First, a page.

present practice, and these are only prevented by qualities in the
nation and qualities in our statesmen, which will just as much exist if
we change our practice.

It certainly would be in many ways advantageous to change it. If we
require that in some form the assent of Parliament shall be given to
such treaties, we should have a real discussion prior to the making of
such treaties. We should have the reasons for the treaty plainly
stated, and also the reasons against it. At present, as we have seen,
the discussion is unreal. The thing is done and cannot be altered; and
what is said often ought not to be said because it is captious, and
what is not said ought as often to be said because it is material. We
should have a manlier and plainer way of dealing with foreign policy,
if Ministers were obliged to explain clearly their foreign contracts
before they were valid, just as they have to explain their domestic
proposals before they can become laws. The objections to this are, as
far as I know, three, and three only.

First, that it would not be always desirable for Ministers to state
clearly the motives which induced them to agree to foreign compacts.
"Treaties," it is said, "are in one great respect different from laws,
they concern not only the Government which binds, the nation so bound,
but a third party too--a foreign country--and the feelings of that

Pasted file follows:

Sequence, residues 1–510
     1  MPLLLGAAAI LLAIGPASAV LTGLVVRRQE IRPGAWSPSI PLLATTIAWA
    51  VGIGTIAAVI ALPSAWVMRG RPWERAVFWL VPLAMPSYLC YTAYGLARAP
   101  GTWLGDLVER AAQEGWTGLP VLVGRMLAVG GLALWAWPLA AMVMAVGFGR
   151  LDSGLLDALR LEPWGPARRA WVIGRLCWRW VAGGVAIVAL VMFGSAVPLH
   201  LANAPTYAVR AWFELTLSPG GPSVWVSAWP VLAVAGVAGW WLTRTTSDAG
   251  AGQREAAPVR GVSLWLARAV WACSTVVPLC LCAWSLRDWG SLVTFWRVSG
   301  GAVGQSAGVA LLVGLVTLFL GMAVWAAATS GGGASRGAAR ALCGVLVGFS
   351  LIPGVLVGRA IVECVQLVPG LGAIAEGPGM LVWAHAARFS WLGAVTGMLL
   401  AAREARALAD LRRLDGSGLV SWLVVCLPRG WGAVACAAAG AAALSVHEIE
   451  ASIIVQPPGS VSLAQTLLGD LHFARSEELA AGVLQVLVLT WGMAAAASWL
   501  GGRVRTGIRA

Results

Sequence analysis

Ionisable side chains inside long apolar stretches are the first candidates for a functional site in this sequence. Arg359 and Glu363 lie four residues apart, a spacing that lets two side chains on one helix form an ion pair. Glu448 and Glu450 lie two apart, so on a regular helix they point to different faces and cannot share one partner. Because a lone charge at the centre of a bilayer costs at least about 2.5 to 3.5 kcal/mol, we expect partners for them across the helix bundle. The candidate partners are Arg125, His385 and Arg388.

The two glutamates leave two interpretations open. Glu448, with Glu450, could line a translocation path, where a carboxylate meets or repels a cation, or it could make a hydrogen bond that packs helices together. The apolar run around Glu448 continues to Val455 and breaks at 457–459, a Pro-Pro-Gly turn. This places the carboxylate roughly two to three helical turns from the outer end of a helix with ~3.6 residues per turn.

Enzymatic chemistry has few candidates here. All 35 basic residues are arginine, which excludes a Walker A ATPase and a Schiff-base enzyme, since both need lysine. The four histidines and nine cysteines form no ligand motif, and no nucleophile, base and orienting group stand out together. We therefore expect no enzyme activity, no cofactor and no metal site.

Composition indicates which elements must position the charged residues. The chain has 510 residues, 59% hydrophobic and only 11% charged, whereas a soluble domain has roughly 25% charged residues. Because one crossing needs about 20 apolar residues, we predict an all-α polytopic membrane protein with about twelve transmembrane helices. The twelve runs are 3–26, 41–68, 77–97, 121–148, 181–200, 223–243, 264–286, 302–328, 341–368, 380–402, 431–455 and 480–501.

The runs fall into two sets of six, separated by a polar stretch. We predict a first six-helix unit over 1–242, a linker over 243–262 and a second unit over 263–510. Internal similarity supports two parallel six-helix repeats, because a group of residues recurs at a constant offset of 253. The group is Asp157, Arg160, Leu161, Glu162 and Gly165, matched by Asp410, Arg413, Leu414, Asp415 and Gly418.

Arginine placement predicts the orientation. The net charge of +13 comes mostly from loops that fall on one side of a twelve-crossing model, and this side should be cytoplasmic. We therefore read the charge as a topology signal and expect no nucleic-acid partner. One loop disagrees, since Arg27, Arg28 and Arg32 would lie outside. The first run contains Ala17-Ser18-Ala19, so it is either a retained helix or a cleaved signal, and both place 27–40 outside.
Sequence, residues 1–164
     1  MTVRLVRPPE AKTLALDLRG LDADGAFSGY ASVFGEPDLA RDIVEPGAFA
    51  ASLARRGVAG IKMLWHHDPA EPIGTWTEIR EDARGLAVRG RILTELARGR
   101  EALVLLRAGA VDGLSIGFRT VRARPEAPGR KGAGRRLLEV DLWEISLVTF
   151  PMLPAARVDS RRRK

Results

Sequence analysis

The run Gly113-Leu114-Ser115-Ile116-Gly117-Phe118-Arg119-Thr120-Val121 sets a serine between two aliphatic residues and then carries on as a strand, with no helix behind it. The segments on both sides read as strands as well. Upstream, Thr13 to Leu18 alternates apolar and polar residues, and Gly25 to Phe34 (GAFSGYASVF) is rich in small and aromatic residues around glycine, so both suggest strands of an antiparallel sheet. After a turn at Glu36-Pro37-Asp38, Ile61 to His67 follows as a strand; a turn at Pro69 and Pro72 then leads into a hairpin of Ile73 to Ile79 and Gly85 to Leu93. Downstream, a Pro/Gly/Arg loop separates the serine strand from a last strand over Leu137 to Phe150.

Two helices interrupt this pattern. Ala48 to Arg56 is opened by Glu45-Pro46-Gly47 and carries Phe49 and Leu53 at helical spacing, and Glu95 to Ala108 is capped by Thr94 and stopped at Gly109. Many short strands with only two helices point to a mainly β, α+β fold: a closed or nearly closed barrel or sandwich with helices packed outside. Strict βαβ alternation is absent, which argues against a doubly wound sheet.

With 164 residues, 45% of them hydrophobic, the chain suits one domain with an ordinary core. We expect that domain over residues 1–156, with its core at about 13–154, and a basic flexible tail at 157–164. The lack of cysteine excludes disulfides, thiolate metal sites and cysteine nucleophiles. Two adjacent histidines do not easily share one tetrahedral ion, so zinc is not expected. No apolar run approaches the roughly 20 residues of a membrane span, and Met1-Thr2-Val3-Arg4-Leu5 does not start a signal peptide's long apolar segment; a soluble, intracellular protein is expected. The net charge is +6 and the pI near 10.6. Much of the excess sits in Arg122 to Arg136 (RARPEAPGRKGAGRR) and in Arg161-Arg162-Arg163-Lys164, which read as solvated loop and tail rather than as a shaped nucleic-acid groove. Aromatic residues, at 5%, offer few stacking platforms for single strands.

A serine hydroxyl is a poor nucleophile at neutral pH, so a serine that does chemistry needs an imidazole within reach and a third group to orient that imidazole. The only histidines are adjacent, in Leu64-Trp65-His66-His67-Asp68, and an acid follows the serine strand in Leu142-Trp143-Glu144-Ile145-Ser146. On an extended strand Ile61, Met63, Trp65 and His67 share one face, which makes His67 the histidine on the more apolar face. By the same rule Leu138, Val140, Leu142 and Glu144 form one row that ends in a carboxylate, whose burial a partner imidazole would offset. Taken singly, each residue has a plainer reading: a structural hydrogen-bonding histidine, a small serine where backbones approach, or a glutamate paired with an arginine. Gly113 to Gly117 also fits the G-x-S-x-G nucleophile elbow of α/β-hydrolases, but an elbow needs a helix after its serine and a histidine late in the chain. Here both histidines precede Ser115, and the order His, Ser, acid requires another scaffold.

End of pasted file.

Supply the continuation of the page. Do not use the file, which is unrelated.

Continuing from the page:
country are to be considered as well as our own. And that foreign
country will, probably, in the present state of the world be a despotic
one, where discussion is not practised, where it is not understood,
where the expressions of different speakers are not accurately weighed,
where undue offence may easily be given." This objection might be
easily avoided by requiring that the discussion upon treaties in
Parliament like that discussion in the American Senate should be "in
secret session," and that no report should be published of it. But I
should, for my own part, be rather disposed to risk a public debate.
Despotic nations now cannot understand England; it is to them an
anomaly "chartered by Providence"; they have been time out of mind
puzzled by its institutions, vexed at its statesmen, and angry at its
newspapers. A little more of such perplexity and such vexation does not
seem to me a great evil. And if it be meant, as it often is meant, that
the whole truth as to treaties cannot be spoken out, I answer, that
neither can the whole truth as to laws. All important laws affect large
"vested interests"; they touch great sources of political strength; and
these great interests require to be treated as delicately, and with as
nice a manipulation of language, as the feelings of any foreign
country. A Parliamentary Minister is a man trained by elaborate
practice not to blurt out crude things, and an English Parliament is an
assembly which particularly dislikes anything gauche or anything
imprudent. They would still more dislike it if it hurt themselves and
the country as well as the speaker.

I am, too, disposed to deny entirely that there can be any treaty for
which adequate reasons cannot be given to the English people, which the
English people ought to make. A great deal of the reticence of
diplomacy had, I think history shows, much better be spoken out. The
worst families are those in which the members never really speak their
minds to one another; they maintain an atmosphere of unreality, and
every one always lives in an atmosphere of suppressed ill-feeling. It